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Photo by Tim Matson, courtesy of Pilobolus Dance TheaterAbout

Founded in 1971 by a group of Dartmouth College students, Pilobolus was unique from the start. Its founding members (Robby Barnett, Lee Harris, Moses Pendleton, and Jonathan Wolken) were new to dance. They were self-professed “jocks” who registered for a modern dance class with a new professor, Alison Chase, who encouraged them to explore their own movement styles and vocabularies. The name Pilobolus, also the title of their first choreographic work, came from a type of fungus whose means of growth and movement symbolized the group’s interest in collective creativity, metamorphosis, and kinetic interactions between bodies. In 1973, Alison Chase and Martha Clarke joined the company, and in 1974 Michael Tracy became another founding member. Immediately hailed for their inventiveness, wit, and sensational physicality, Pilobolus has grown into a popular, influential, and multi-faceted organization recognized for its distinctive artistic sensibility and approach to creation. Now based in Washington Depot, Connecticut, with offices in New York and Belgium, Pilobolus has three branches: a performing group that tours new works created in collaboration with different choreographers; an educational program that teaches classes and workshops in collaborative creativity; and Pilobolus Creative Services, which provides movement design for commercial applications such as advertising, business, and television. Through its community outreach, educational and commercial endeavors, and widely-seen performances (for instance on the 79th Academy Awards and the Oprah Winfrey Show), Pilobolus has expanded the audience for dance, and expanded the boundaries of what dance can be.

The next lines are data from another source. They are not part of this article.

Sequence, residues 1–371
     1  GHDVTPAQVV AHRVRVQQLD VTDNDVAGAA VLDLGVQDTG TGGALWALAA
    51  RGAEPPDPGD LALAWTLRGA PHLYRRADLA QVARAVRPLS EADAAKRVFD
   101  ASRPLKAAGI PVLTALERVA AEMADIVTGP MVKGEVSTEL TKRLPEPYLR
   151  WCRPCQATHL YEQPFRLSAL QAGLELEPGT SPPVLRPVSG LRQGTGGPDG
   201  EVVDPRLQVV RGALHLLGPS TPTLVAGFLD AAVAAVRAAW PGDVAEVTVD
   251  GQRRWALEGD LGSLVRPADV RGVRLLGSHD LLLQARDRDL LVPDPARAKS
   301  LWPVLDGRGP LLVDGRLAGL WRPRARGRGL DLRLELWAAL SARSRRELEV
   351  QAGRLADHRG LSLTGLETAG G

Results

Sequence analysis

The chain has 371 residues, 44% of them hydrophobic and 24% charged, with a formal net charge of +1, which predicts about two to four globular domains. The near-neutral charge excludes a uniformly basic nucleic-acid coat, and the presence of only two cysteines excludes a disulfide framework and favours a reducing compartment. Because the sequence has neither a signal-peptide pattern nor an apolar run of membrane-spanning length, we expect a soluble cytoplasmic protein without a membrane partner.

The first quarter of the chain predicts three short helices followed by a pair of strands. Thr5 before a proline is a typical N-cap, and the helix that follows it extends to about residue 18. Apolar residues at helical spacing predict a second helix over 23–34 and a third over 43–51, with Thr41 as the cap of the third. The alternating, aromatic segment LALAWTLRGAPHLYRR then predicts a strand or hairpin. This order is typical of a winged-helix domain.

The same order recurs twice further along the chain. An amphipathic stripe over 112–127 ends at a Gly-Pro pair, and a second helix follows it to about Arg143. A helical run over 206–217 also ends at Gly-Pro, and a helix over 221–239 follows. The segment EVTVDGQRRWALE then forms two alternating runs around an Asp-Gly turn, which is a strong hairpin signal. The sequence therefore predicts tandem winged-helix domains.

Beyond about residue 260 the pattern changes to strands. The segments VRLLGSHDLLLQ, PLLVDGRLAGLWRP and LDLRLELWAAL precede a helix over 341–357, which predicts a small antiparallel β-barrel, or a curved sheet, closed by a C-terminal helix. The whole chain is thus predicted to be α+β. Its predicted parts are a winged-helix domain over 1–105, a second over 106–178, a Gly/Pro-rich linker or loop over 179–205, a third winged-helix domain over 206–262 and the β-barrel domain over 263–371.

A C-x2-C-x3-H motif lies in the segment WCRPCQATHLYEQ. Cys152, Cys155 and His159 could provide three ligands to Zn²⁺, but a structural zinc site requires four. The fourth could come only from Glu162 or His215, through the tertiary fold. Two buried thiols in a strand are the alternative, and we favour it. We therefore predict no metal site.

Pictured above: Monkshood Farewell, created in 1974, became a signature work defining the company’s groundbreaking aesthetic. Jonathan Mills writes, “The intense physicality of their movement and the unusual lifts performed in a theatrical setting without recognizable dance steps caused audiences to re-examine their definition of dance.” (Photo by Tim Matson, courtesy of Pilobolus Dance Theater)

Photo by Sara Davis, courtesy of Pilobolus Dance Theatre



Pictured right: Contradance, choreographed by Renée Jaworski and Matt Kent in 2010, was specifically aimed at families, and illustrates Pilobolus’s distinctive approach to story-telling and stagecraft. (Photo by Sara Davis, courtesy of Pilobolus Dance Theatre)

Photo by Nan Melville, courtesy Pilobolus Dance Theater



Essay by Joseph Mills -- Selected Resources






Pictured leftPilobolus, a trio choreographed by Steve Johnson, Moses Pendleton and Jonathan Wolken in 1971 as a class assignment, was the work that gave the company its name and introduced its inventive physicality to audiences. (Photo by Nan Melville, courtesy Pilobolus Dance Theater)